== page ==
Sleep Bruxism amplitude and temporal occurrence in relation to OSA.

Nox T3 by Carefusion medical grade sleep Bruxism monitor
Nox T3 by Carefusion medical grade sleep Bruxism monitor

The purpose of this post is to open a conversation regarding the implicacations on 2 aspects of sleep bruxism as measured using the Nox T3 by Carefusion, a home sleep testing device with the ability to measure cheek EMG. Cheek EMG is measured by placing an EMG lead on the masseter muscle and the zygomatic arch. ICD-2 defines sleep bruxism as “an oral parafunction characterized by grinding or clenching of the teeth during sleep that is associated with an excessive (intense) sleep arousal activity.”

  1. The amplitude as measured in microvolts  (uV)
  2. The occurance of the bruxism in relation to a respiratory disturbance

Bruxism

In viewing this sample epoch collected by the NOX-T3, there are notable observations which I would like to open for discussion:

Nox T3 by Carefusion medical grade sleep Bruxism monitor
Nox T3 by Carefusion medical grade sleep Bruxism monitor

The first bruxism is well over 100uV in amplitude which is in stark contrast to the other bruxisms seen.  One possible explanation for the increased amplitude compared to the other bruxism noted is that tooth contact is made which would have the effect of creating a much stronger EMG signal.  Another distinction noted on the first bruxism is that it proceeds the obstructive event.  With these observations one MIGHT conclude the first sleep bruxism is independent to this patient obvious OSA.  There are other conclusions that may be drawn as well for which I would like the group to comment on.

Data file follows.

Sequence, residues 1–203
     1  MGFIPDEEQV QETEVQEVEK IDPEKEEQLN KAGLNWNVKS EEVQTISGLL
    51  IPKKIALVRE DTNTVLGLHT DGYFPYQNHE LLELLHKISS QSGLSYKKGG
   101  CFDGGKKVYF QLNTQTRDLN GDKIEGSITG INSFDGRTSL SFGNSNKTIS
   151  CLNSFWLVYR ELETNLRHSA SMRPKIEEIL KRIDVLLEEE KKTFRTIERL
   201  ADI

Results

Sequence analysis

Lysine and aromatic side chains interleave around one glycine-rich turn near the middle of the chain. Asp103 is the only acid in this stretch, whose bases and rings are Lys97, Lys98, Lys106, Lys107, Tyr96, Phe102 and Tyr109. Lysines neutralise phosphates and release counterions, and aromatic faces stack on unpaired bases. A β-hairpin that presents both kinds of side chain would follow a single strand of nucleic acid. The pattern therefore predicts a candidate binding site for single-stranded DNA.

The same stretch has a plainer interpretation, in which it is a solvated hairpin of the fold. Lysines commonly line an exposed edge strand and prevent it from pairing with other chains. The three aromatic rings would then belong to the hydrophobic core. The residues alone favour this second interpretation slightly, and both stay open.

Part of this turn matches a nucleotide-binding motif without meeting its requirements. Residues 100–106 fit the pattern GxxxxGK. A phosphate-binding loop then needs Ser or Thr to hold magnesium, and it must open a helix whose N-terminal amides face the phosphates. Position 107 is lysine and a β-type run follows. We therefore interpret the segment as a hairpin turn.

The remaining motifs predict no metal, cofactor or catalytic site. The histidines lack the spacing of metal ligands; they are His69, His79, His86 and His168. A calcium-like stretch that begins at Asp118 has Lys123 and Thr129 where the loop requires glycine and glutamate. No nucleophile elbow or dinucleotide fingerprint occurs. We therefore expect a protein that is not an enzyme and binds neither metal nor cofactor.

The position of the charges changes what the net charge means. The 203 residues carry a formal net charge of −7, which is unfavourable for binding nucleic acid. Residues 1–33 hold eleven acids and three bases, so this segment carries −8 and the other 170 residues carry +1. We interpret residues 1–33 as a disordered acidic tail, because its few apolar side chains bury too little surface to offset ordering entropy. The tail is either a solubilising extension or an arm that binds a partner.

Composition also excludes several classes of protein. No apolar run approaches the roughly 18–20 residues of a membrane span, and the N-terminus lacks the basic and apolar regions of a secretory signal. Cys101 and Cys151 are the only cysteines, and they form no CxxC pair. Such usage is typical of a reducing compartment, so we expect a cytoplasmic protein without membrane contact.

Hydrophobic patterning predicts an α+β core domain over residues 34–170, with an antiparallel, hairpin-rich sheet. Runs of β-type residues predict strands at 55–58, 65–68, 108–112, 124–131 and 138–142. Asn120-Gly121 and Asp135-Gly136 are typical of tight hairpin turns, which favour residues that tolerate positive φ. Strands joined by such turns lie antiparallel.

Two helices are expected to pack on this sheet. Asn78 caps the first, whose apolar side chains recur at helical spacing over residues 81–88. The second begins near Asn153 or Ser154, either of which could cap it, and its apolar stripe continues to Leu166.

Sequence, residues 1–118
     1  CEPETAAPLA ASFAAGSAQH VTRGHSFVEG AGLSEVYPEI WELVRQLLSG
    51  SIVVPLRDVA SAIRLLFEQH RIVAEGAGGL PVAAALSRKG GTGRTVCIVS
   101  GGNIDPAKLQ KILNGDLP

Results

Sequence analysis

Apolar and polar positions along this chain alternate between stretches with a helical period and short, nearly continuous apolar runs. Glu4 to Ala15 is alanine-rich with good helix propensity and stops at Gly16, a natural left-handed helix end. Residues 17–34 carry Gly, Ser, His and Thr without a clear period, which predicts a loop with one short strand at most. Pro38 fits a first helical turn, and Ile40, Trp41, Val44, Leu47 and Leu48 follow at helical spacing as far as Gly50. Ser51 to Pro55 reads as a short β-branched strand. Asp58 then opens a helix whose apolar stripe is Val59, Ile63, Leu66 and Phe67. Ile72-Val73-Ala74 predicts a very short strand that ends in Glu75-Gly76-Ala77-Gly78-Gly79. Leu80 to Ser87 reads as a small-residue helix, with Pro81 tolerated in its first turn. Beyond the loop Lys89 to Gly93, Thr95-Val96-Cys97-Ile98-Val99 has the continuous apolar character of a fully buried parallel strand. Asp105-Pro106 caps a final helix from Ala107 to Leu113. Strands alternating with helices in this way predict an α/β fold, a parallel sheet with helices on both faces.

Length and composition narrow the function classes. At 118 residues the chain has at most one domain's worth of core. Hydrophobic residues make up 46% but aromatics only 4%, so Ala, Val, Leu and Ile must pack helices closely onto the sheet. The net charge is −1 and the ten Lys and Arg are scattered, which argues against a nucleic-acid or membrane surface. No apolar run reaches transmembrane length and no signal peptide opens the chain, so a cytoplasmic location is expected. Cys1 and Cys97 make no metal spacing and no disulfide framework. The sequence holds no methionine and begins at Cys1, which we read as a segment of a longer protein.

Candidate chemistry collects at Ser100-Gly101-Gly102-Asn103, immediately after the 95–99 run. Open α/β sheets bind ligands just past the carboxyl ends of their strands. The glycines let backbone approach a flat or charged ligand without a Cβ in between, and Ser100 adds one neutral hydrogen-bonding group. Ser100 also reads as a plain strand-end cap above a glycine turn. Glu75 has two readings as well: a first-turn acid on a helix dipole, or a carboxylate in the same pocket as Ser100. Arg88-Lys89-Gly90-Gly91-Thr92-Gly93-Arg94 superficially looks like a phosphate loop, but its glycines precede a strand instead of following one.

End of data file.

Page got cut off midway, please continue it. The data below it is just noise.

The second sleep bruxism noted in this epoch is approximately 25uV and is much more common in this patients sleep study.  It also occurs within the OSA event and appears to be part the OSA arousal response. One more comment on the second and smaller sleep bruxism is that it occurs early in the arousal response and likely proceeds the EEG arousal but during the obstruction hinting that the massetter is being used to some how “stimulate” the musculature of the airway.

If it is true this patient has 2 distinct and seperate types of bruxism, my questions as a non-dentist are: How important is it to know the difference between apnea realted bruxism and “idiopathic” bruxism?

What, if any treatment changes would be recommended with this patient knowing there are 2 types of bruxing?

For more detailed information on the Nox T3 by Carefusion click: http://bit.ly/1hZcwry

Jeff Wyscarver RPSGT

Jeff Wyscarver RPSGT

I have extensive experience managing medical products (downstream) as well as developing new products (upstream). Furthermore I excel at thinking strategically in rapidly changing markets. Recently I and my business partners were issued a provisional patent. Once our product is cleared by the FDA, the business of commercializing this innovative approach to treating symptoms of snoring, apnea and bruxism will be first and foremost. Specialties: Regulatory Affairs, Product Development and Management Registered Polysomnographic Technician (RPSGT)

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